JAMES BALL: What the Thomas Cook collapse teaches us about a no-deal Brexit
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The firm's fall has provided a number of lessons for the UK ahead of a possible no-deal Brexit, says JAMES BALL.
The UK got a preview of what chaos in Europe looks like this week, at least on a comparatively small scale.
That came not at the Supreme Court - although that's caused ructions enough - but with the long-anticipated collapse of Thomas Cook, which left 150,000 people stranded overseas and a public body needing to manage a weeks-long operation to get them all home.
The company's downfall provides a number of lessons for the UK ahead of a possible no-deal Brexit. The first is that it represents a good example of how short-selling actually works. Short-selling became the topic of intense interest in certain corners of the Remain-supporting internet recently following allegations that hedge funds "linked to Boris Johnson" were "shorting" the UK ahead of a no-deal.
In practice, people can only 'short' - place a bet that a stock will go down, instead of up - companies, rather than countries. Thomas Cook was shorted by many investors who bet the weight of its debt would end the company, and they were proved right.
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The firm's demise also serves as a reminder that few companies will collapse 'because of Brexit'. There is rarely one reason for a business to fail, and Thomas Cook failed for many reasons - it was saddled with too much debt, the weather didn't work in its favour, and in an online era many travellers don't need package holidays any more.
Lots of businesses have multiple problems already but, barring another shock, will be likely to survive them. The very possibility of Brexit was enough of a shock to Thomas Cook's business to help deliver the coup de grace.
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A no-deal Brexit would be a shock on a much bigger scale and take down companies far less damaged than Thomas Cook, which had been on the verge of crisis for close to a decade. Much as a bad winter flu season kills people who are already elderly or unwell, an economic crisis ends companies that are already struggling.
There will already be another excuse for those who don't want to admit Brexit is damaging the country - but it won't mean it's not playing a central role in doing the damage.
Most significant, though, is Thomas Cook as a taste for what disruption looks like. This was one travel company which operated a fleet of just 34 planes (by contrast, British Airways has 280 and Ryanair has more than 300) and had just 150,000 people overseas. The result is a rescue operation that will cost around £100 million of public funds.
That is just the beginning, though. The companies who loaned money to Thomas Cook have to find out if they'll get any of it back (they won't get much). Its shareholders will be wiped out. The companies who supplied Thomas Cook will likely not be paid for any goods or services they hadn't already been paid for. The company's employees will need new jobs, and will need the support of the state until those are found.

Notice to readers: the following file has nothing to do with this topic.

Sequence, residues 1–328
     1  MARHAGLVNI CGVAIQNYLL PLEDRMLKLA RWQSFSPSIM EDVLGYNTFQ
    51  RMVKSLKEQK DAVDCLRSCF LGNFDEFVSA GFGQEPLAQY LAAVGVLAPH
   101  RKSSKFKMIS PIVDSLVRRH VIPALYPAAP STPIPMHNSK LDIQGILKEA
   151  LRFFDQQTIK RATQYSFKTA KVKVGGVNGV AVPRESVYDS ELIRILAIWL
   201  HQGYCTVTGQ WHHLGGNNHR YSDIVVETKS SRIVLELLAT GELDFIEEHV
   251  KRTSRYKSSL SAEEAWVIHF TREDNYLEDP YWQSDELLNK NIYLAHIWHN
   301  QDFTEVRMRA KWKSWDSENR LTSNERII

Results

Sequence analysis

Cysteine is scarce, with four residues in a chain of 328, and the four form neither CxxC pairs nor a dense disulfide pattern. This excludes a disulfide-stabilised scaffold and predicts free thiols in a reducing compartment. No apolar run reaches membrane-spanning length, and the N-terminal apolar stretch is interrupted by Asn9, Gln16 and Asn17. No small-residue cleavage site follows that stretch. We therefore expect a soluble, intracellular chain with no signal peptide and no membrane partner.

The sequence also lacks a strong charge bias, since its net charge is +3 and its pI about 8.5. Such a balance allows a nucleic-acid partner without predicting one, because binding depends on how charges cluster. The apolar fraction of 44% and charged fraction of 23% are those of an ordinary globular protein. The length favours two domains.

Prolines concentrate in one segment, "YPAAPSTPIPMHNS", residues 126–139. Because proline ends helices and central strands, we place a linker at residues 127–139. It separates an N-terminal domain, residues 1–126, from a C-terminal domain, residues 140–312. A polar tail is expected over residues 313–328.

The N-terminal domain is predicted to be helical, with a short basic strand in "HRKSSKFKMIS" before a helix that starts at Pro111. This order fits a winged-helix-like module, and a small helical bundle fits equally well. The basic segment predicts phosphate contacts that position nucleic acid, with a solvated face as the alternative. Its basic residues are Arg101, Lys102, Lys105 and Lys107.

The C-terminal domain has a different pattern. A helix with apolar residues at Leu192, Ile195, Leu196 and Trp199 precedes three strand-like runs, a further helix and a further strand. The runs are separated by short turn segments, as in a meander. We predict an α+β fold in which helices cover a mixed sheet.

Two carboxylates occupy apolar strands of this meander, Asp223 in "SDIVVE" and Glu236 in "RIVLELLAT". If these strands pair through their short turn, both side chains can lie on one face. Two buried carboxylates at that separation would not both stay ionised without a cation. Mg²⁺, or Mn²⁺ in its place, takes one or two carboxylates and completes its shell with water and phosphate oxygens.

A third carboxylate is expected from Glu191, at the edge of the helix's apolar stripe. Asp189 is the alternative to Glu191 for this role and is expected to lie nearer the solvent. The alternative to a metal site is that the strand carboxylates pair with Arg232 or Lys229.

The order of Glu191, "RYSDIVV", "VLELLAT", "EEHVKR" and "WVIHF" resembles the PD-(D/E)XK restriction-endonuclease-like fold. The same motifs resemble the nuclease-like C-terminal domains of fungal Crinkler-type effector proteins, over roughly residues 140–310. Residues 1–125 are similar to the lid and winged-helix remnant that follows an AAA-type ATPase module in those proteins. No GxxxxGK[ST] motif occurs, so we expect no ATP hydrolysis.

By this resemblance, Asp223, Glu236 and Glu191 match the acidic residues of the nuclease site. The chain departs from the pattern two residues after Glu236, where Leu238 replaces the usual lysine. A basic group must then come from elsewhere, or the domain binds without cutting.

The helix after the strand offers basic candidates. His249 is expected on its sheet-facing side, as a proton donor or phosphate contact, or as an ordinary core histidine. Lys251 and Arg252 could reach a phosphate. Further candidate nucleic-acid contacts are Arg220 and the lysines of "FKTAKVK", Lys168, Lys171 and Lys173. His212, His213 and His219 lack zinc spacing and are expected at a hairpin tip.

And despite the collapse of Thomas Cook being no-one's fault but its own management team, politicians and corporate PR people alike have been pointing the finger of blame towards the government, suggesting it should have acted to bail the company out. When companies collapse, the consequences spread very widely indeed - and last for a long time. Even a decade after the collapse of Lehman Brothers, administrators were still working to unpick the company - and few businesses collapse without dozens of people lining up to blame the government.
So this week's chaos has been about one travel company. Imagine that multiplied dozens and hundreds of times over, and you have the impact of any hard Brexit, let alone a no-deal Brexit. And that's just on the business collapse side.
Government itself will have to work to handle the cascading fallout of multiple companies collapsing while also dealing with widespread chaos from any number of other sources, many of which will have to take higher priority - delays and disruption at ports, shortages of essential supplies and medicines, civic unrest, and more.
For all the cheap talk about 'Blitz spirit' or British stoicism, the UK has been a stable democracy for the entire lifespan of every working-age adult in the country. We have never had to deal with the kinds of crisis many of our fellow European countries have faced, and we are ill-prepared for this one.
We have a government that can't win a vote, can't win a court case, and can't even submit a simple statement to court. We have an opposition that is so determined to ignore the potential Brexit crisis coming that it will rig a vote of its own members to avoid having to have a position on it. And we have a parliament that can't make any decisions other than to give itself more time to make decisions.
Anyone contemplating a no-deal Brexit should do the following: They should look closely at the chaos Thomas Cook is leaving in its wake. They should imagine it multiplied by a factor of at least a hundred. They we should imagine any of our current political leaders trying to deal with that. And then they should think again.